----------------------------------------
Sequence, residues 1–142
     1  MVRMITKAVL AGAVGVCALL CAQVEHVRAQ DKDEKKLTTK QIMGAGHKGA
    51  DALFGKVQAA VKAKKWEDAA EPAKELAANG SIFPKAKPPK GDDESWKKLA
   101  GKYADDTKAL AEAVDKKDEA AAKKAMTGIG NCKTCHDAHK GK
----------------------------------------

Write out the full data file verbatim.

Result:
Sequence, residues 1–142
     1  MVRMITKAVL AGAVGVCALL CAQVEHVRAQ DKDEKKLTTK QIMGAGHKGA
    51  DALFGKVQAA VKAKKWEDAA EPAKELAANG SIFPKAKPPK GDDESWKKLA
   101  GKYADDTKAL AEAVDKKDEA AAKKAMTGIG NCKTCHDAHK GK